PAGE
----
One objective of our current, subtle renovation is to take the cookie-cutter colonial and blow it out to feel as large and fresh as possible. These pictures are admittedly not as dramatic as the last remodel, where we resurrected a shaggy abode out of its pure 1970's funk. In this house we learned that the early nineties had its own issues, mostly just bland design.
The only, truly horrible problem with this house was the poorly chosen color palette in the interior. There are no less than five shades of soul-sucking beige, and to drive the point home they have a very flat sheen, robbing the interior of any hope of daylight. The colors also work against the hardwood floors which were the only selling point in the listing.
My go-to approach for paint selection is the white canvas. I start by returning all the walls and trim to a neutral white. I first adopted this palette years ago to showcase our art collection, but I soon recognized the more important side effect of bouncing light and breathing air into any space.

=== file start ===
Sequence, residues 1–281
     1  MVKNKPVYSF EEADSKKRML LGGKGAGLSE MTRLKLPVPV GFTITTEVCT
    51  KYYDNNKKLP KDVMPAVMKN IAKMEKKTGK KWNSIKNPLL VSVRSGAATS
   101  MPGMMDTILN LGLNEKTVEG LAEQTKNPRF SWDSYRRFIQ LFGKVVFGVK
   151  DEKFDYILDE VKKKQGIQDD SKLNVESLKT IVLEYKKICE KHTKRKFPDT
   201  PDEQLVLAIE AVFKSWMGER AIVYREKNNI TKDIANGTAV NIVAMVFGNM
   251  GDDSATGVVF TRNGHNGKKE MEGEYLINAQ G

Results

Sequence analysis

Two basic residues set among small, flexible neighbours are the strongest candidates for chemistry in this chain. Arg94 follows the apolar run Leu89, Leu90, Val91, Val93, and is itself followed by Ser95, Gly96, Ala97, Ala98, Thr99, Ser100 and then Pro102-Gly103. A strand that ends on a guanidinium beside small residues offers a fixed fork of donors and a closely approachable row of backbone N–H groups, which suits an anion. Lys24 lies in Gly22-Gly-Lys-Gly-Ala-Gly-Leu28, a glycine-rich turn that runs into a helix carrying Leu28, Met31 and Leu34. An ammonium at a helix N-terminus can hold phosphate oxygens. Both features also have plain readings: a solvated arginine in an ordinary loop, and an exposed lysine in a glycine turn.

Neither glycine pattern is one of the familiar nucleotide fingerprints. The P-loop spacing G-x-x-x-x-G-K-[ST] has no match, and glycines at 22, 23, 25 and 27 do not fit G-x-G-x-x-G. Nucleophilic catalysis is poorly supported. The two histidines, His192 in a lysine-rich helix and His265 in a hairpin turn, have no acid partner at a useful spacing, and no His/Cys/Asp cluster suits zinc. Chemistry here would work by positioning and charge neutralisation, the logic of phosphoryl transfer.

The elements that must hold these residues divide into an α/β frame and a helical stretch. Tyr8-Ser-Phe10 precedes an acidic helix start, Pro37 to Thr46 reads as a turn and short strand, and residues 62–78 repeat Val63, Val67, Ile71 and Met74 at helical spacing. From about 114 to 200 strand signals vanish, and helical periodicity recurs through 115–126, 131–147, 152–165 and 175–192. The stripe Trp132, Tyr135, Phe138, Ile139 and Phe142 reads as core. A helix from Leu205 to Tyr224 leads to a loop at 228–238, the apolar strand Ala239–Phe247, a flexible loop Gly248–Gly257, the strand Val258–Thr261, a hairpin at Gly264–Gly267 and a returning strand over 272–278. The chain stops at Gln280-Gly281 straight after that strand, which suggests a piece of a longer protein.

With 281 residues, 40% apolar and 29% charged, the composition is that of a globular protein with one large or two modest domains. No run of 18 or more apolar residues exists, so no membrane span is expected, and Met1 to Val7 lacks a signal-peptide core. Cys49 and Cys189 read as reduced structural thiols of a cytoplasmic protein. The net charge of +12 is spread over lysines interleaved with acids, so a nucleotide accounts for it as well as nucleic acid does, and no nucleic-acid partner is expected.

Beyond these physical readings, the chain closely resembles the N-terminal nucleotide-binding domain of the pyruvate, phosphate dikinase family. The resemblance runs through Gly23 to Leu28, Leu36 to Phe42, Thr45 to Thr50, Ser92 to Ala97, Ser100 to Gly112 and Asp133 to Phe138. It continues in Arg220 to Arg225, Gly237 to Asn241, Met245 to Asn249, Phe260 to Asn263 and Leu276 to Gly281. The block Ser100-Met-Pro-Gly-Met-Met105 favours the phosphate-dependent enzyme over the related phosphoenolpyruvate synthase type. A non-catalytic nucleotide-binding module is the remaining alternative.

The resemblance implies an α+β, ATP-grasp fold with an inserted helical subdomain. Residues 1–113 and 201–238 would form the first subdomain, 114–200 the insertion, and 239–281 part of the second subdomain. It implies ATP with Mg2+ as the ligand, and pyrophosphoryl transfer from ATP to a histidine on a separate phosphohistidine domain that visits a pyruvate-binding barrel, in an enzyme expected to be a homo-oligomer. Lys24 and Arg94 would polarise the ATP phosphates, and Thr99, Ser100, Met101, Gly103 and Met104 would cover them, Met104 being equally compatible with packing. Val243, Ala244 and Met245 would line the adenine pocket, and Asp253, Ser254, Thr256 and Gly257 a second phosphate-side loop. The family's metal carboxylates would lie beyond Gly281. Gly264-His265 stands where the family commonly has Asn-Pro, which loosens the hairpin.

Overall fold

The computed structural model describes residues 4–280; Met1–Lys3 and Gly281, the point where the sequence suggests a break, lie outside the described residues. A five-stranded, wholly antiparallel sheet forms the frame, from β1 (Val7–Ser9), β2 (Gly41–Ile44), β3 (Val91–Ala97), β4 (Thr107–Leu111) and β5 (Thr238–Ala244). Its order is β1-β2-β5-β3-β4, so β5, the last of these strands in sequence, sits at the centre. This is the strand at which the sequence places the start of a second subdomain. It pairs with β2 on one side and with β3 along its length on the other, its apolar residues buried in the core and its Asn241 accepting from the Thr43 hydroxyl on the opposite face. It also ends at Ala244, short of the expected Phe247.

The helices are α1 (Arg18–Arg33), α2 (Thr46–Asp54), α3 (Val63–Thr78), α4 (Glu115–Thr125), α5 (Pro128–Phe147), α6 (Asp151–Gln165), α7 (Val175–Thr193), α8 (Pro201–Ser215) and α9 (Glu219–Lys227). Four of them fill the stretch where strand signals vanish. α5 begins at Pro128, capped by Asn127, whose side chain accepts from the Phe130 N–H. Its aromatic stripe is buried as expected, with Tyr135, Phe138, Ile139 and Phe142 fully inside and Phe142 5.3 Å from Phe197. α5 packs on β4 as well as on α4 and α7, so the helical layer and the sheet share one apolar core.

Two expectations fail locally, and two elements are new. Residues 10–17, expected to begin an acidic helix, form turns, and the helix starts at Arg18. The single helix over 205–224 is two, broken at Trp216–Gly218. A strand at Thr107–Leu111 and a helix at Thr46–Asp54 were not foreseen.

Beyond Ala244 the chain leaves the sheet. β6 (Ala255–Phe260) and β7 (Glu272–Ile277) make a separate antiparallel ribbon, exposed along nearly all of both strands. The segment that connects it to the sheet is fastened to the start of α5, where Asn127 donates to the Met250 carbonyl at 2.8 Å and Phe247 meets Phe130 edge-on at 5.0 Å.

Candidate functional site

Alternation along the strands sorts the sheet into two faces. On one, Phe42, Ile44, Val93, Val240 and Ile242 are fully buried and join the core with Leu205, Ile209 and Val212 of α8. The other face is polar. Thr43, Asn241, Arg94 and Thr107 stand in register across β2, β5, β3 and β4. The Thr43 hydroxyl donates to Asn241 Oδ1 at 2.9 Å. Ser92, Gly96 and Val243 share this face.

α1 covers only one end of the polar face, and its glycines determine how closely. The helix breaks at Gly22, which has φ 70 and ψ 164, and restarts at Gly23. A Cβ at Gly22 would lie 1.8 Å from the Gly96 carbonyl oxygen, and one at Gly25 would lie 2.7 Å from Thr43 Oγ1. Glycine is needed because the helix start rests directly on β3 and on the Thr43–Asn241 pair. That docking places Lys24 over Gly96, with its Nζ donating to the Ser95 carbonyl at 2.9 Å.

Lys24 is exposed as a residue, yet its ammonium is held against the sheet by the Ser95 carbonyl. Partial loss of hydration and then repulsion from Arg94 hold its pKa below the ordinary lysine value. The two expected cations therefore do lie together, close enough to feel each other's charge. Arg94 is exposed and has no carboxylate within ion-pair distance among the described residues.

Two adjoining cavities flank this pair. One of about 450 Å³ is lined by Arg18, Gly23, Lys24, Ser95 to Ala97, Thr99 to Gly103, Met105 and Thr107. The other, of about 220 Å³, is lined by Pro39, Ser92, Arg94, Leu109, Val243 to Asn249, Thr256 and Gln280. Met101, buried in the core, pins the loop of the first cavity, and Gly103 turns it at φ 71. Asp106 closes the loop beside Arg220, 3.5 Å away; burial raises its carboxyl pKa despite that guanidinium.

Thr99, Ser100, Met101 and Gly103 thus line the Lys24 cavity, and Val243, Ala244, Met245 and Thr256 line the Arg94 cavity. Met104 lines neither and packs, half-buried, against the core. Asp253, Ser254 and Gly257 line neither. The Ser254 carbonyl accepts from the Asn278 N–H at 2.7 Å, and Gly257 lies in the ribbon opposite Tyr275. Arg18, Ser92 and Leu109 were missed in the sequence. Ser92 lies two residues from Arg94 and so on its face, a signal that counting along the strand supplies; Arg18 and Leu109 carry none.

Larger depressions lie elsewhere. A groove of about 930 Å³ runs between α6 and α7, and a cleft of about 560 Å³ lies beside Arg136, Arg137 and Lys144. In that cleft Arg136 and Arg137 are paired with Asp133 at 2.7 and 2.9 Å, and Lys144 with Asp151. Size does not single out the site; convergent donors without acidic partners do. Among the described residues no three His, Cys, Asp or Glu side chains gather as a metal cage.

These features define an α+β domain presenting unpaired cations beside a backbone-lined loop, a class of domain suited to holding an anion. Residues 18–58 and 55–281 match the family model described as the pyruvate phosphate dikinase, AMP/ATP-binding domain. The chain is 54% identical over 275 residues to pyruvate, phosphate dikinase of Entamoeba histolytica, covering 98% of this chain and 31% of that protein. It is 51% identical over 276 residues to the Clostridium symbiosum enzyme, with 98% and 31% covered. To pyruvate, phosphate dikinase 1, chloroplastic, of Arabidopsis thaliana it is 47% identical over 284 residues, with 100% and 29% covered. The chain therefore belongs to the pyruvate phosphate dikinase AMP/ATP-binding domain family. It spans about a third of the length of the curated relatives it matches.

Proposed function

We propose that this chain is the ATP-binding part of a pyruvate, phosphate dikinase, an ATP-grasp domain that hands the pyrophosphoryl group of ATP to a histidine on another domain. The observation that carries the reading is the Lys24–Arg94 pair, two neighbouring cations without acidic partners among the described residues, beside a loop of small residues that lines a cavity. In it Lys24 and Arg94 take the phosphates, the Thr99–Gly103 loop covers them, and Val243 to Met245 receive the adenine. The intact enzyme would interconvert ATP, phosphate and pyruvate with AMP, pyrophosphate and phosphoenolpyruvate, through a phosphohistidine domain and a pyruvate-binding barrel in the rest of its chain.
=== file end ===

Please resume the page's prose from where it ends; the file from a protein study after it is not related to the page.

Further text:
The family room had unnecessary crown molding and the decision was made to remove it, resulting in cleaner lines, while emphasizing the tall ceilings. Our initial inspections missed the sloppy masonry repair work on the fireplace. It would have taken a tremendous effort to clean and restore it. The dowdy red brick color was also in conflict with the upscale flooring. We pushed forward with the trendy, white brick paint job which yielded greater punch to the honey tones in the wood floor
There are still small details to add, but I wanted to share the latest alterations. An unexpected result of this room's completion was a sense of renewal and purpose. All of my framed artwork has been wrapped up for over a year and I forgot how comforting it is to see "your stuff." My wife has patiently waited while I bounce around to extinguish small fires and fix necessities that supersede cosmetic updates. I would have to say that she is also very pleased to have at least one room that feels like home.